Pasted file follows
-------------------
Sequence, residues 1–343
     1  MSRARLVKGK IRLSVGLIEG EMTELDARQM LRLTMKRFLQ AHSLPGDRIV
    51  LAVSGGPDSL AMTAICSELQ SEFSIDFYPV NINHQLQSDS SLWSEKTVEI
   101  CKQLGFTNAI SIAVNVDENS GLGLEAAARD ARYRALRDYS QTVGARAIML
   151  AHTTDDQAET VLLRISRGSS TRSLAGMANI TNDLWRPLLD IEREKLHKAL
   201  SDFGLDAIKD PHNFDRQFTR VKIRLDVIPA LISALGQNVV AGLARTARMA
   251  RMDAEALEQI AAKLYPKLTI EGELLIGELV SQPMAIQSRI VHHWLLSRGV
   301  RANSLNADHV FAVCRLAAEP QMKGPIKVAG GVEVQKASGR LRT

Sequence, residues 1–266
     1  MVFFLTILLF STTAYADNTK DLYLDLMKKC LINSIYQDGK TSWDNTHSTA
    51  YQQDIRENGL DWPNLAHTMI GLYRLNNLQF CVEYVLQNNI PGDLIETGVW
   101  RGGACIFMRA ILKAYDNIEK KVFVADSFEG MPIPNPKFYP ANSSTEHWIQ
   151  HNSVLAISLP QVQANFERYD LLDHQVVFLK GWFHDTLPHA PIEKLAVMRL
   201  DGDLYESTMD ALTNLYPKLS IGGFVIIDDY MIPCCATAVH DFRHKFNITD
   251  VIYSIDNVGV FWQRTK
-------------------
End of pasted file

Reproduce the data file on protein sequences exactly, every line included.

Sequence, residues 1–343
     1  MSRARLVKGK IRLSVGLIEG EMTELDARQM LRLTMKRFLQ AHSLPGDRIV
    51  LAVSGGPDSL AMTAICSELQ SEFSIDFYPV NINHQLQSDS SLWSEKTVEI
   101  CKQLGFTNAI SIAVNVDENS GLGLEAAARD ARYRALRDYS QTVGARAIML
   151  AHTTDDQAET VLLRISRGSS TRSLAGMANI TNDLWRPLLD IEREKLHKAL
   201  SDFGLDAIKD PHNFDRQFTR VKIRLDVIPA LISALGQNVV AGLARTARMA
   251  RMDAEALEQI AAKLYPKLTI EGELLIGELV SQPMAIQSRI VHHWLLSRGV
   301  RANSLNADHV FAVCRLAAEP QMKGPIKVAG GVEVQKASGR LRT

Sequence, residues 1–266
     1  MVFFLTILLF STTAYADNTK DLYLDLMKKC LINSIYQDGK TSWDNTHSTA
    51  YQQDIRENGL DWPNLAHTMI GLYRLNNLQF CVEYVLQNNI PGDLIETGVW
   101  RGGACIFMRA ILKAYDNIEK KVFVADSFEG MPIPNPKFYP ANSSTEHWIQ
   151  HNSVLAISLP QVQANFERYD LLDHQVVFLK GWFHDTLPHA PIEKLAVMRL
   201  DGDLYESTMD ALTNLYPKLS IGGFVIIDDY MIPCCATAVH DFRHKFNITD
   251  VIYSIDNVGV FWQRTK